Winter Hoof Health
Beat Your Winter Hoof Woes
Reprinted from www.ridingwarehouse.com
By RW Crew | 1/16/20
"No Hoof, No Horse"
You might have heard this expression, but have you really considered how important your horse's hooves are to his overall well-being? Hooves support your horse's weight, withstand impact while he performs, and make him capable of navigating different types of terrain. Needless to say, proper hoof care is a crucial aspect of owning a horse. Even if you keep your horse on a consistent schedule with a farrier that you trust, the winter can still create challenges in your hoof care regimen.
We created this guide to explain:
How different weather conditions affect the horse's foot
Common winter hoof problems and how to spot them
Prevention tips and treatment options
The Effects of Climate on Hooves
Mud can have a significant impact on your horse's hoof health.
Depending on where you live, winter can bring everything from dreaded shoe-sucking muck to rock-hard frozen ground. If you live in a place where it gets cold, you may notice that your skin gets extra dry during the winter. The same is true for your horse's feet. Lower moisture content in the air can make your horse's hoof wall more susceptible to cracks while also causing slower growth, making it tricky to grow out these defects.
Climates that experience heavy rain have a different effect on your horse's hooves than climates that are dry. As we know, rain brings mud, which makes life around the barn much more difficult. From lost shoes to thrush and abscesses, there are many problems that are more likely to appear during the rainy season.
Common Hoof Problems and Treatments
By keeping the hoof wrapped or booted, the wall will stay intact so that your farrier can nail on a new shoe.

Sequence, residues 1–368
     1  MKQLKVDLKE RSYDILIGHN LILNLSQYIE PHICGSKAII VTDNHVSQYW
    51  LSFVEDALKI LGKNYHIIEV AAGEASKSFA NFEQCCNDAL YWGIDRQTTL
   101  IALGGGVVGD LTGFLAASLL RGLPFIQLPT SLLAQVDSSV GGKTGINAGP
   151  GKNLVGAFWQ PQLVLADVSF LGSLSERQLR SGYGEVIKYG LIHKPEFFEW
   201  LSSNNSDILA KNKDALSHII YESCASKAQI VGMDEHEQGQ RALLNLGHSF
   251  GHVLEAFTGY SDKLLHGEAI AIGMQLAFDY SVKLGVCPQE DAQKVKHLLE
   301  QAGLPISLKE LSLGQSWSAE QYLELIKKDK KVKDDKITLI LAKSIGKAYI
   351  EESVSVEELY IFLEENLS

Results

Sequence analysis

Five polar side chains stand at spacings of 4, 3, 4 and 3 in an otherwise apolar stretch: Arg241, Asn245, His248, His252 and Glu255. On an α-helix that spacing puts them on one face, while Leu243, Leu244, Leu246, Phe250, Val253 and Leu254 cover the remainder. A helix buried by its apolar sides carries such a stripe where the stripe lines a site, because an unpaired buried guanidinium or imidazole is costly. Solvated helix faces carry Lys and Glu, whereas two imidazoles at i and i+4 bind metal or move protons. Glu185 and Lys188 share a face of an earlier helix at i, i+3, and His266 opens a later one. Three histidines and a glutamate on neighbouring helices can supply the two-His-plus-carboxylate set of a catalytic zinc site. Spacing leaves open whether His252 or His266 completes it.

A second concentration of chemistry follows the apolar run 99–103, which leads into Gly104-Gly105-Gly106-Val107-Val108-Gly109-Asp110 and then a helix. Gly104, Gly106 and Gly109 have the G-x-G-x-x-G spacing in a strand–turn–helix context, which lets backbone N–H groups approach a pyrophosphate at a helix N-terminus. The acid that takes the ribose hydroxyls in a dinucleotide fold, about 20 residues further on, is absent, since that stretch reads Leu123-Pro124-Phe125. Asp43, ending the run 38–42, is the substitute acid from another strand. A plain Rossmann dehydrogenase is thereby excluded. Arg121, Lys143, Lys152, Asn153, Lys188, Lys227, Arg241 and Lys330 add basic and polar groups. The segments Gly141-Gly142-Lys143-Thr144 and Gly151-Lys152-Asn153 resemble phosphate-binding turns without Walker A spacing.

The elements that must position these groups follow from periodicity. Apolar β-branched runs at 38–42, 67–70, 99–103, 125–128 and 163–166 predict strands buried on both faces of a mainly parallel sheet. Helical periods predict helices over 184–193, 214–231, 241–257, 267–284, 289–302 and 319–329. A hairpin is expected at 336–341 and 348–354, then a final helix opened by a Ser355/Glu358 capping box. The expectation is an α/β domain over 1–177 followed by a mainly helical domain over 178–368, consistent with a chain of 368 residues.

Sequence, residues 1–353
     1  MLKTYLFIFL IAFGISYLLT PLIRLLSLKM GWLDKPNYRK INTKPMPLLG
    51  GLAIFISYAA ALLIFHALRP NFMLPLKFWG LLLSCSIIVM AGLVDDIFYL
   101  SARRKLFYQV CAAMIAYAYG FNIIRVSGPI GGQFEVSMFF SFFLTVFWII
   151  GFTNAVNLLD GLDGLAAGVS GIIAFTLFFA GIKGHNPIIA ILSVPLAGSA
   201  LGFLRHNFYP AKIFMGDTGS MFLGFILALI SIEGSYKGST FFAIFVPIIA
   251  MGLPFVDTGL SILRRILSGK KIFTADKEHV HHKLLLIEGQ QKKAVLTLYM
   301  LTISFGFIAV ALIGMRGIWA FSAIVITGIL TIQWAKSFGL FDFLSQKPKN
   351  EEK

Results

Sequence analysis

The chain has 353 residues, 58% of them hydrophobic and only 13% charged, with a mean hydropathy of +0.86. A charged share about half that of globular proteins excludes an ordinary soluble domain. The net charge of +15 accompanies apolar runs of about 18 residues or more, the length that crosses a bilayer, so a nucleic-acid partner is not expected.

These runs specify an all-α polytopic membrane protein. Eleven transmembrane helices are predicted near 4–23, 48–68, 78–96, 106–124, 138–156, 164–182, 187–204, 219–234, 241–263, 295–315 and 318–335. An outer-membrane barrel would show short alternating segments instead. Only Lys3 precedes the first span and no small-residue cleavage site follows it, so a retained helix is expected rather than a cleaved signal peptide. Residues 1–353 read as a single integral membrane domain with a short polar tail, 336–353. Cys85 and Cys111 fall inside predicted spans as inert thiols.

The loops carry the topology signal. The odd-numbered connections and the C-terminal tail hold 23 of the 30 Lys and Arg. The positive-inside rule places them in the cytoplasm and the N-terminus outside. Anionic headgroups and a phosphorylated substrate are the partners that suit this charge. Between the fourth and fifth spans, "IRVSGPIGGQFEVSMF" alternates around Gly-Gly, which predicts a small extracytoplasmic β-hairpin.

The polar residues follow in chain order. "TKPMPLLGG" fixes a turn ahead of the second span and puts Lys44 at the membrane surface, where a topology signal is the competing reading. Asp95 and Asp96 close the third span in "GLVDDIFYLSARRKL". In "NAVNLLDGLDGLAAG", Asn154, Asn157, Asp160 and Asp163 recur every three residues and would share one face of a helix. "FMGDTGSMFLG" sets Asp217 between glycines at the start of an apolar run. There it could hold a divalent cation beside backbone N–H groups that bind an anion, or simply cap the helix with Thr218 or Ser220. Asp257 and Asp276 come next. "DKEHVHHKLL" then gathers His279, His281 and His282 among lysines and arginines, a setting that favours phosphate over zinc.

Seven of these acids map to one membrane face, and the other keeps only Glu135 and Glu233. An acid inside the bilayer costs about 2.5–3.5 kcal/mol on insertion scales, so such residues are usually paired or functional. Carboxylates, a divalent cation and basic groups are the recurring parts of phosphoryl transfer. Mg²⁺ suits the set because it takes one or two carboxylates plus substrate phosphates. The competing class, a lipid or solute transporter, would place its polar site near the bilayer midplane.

Problem: While it's simple to spot a missing shoe, it can be frustrating when this becomes a common occurrence. There are many reasons why you might have a problem keeping shoes on your horse, one being moisture changes in the environment. As the hooves expand and contract, the shoe could loosen making it more susceptible to being pulled off. A horse's conformation and natural balance also plays a role in his ability to keep shoes on, as some horses travel in a way that causes them to grab their front shoes with the hind feet.
Treatment: A lost shoe warrants a call to your farrier. While you are waiting for your farrier to make it out, try to keep the foot wrapped or in a hoof boot so that the wall doesn't become damaged.
Prevention: Try to keep your horse out of the mud. If he seems to lose shoes because his feet are brittle, you can try a hoof supplement to encourage strength. If he steps on himself, put on bell boots when you ride or when he is turned out in the paddock.
Problem: You pick up your horse's hoof to clean it out and notice black, smelly discharge in the crevices in and around his frog. This residue is caused by a bacterial infection known as thrush. When your horse's hoof becomes impacted with dirt and manure, the anaerobic microbes that cause thrush thrive in the absence of oxygen. Eventually, these microbes penetrate the tissue of the frog causing it to decay. In the worst cases, the infection can reach deeper tissue in the hoof leading to inflammation and lameness.
Treatment: Your farrier will cut away the diseased tissue, potentially applying an antiseptic solution. Other treatments, such as anti-thrush products, can be used as follow up.
Prevention: Keep your horse from standing in unsanitary conditions whenever possible. Regular hoof care and exercise helps to keep your horse's hooves healthy and clean, so that he is less likely to have a problem with thrush.
Problem: The symptoms of a hoof abscess can appear suddenly, causing severe lameness. The horse is often non-weight bearing on the affected foot due to the pressure caused by the abscess. Abscesses can cause heat in the foot, which you can feel by cupping the outside of the hoof. The digital pulse in the affected leg is often more evident, due to throbbing. If you have hoof testers, you can check for your horse's reaction to pressure on the foot to locate the abscess.